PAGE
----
Continued from part 1 HERB BRANHAM: We'll go ahead and excuse Gil and continue with questions for Kevin and Richard. Q: Richard, Kevin talked a little bit about the maturity factor that he has shown during the course of this year. I was...
Continued from part 1
HERB BRANHAM: We'll go ahead and excuse Gil and continue with questions for Kevin and Richard.
Q: Richard, Kevin talked a little bit about the maturity factor that he has shown during the course of this year. I was wondering if you could talk about some of the differences you've noticed in Kevin maybe on and off the track.
RICHARD CHILDRESS: I mean, Kevin's always had his head into it good as a racer. I think he's bringing more and more to our whole organization now.
Last year he talked to me about areas we needed to work on, we needed to fix. We went in there and we all worked on them together. He's a big reason we got our engines running where we are today.
It's not complaining, it's how he came to us and said it's how we got to get them fixed. We just worked through a lot of those things. Today he's a big role at RCR as well.
Q: Do you see yourselves as the team to beat going into the Chase?
RICHARD CHILDRESS: I said at our luncheon, Somebody has to beat Jimmie this year, and it might as well be RCR.
You never say, We're the team to beat. You got to have confidence, but so many factors play in. We know we're going to be a contender. That's all we can ask for is to be a contender. If we're that, we'll have a shot at winning it.
Q: Richard and Kevin, this is the No. 29's first victory on a track of at least one and a half miles in length with an unrestricted engine since 2003. Can you describe any significance to that given that five of the tracks in the Chase are similar? Is it good to get the win on a track like that heading into the Chase?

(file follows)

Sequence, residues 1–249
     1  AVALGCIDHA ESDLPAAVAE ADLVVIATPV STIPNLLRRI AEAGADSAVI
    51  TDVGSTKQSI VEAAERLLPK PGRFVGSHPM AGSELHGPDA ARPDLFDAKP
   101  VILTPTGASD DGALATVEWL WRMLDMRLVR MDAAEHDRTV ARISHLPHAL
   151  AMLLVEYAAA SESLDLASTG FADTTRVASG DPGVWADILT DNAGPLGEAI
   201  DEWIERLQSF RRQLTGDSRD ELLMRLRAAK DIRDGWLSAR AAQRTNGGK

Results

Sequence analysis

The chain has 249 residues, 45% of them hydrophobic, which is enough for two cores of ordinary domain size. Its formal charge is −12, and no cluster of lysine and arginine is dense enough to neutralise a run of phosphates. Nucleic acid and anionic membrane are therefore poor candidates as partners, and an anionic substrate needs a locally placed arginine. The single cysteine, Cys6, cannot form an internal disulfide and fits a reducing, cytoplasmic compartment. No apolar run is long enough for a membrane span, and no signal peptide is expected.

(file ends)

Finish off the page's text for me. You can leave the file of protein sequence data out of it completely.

KEVIN HARVICK: I think it's good to get it out of the way. Like I say, there were opportunities to do that. You just can't force it. I think that's more coincidence than anything. We won the All-Star Race in '07 on a mile-and-a-half racetrack in Charlotte. We've been in contention to win a bunch of 'em this year.
You just go racing. If they come at Daytona, I'm happy. If they come at Talladega, whatever. If they come at Martinsville, fine too. It's okay. I'm glad to win here today. But wherever they are, I'm happy in this deal.
RICHARD CHILDRESS: Like he said, we had won at Charlotte, the All-Star, Atlanta till that caution came out there right at the end, mile-and-a-half, he was the class of the field there. We just couldn't take off on that restart. Indy we were really good.
We've had some great opportunities, but we're able to capitalize right now. If we keep being able to capitalize, we'll be a contender.
Q: Richard, a little more than a year ago there was a lot of fighting going on, the team lost its way, you had to do a couple rebuilding jobs over the last decade. When something like that happens, how the hell do you know where to start and how hard is it to get a ship turned where you have 400 or 500 people and it's not really working, in short order get it moving in the right direction?
RICHARD CHILDRESS: It actually started mid-season or before. My story on what happened last year, 2008, Kevin was one of the contenders for the championship. The Hendrick group had phenomenal years. 2007, Bowyer was there. 2008, Kevin was there. We were contenders at that point for the championship.
We went down a road going into 2009 with some people and some things. We ended 2008 well enough. We took the wrong path. When NASCAR pulled the testing, our simulation program would not work anymore.
It's just accumulation of so many things. Done a lot of changing in personnel. Changed our engineering. You see your weak points. Kevin and I talked about the areas we knew we had to work on. Jeff Burton played a big role. I asked him what he thought on some things. It's a big team effort. I don't get the credit for it. It's everybody going in there trying to turn that ship and we all turned it together.
Q: Kevin, a couple times where you were getting ready to take the lead, your spotter or crew chief said just keep doing that and you're going to leave everybody behind. Are the engines just that strong now? Do you have a better package better? Is it different than you've had for the rest of the season?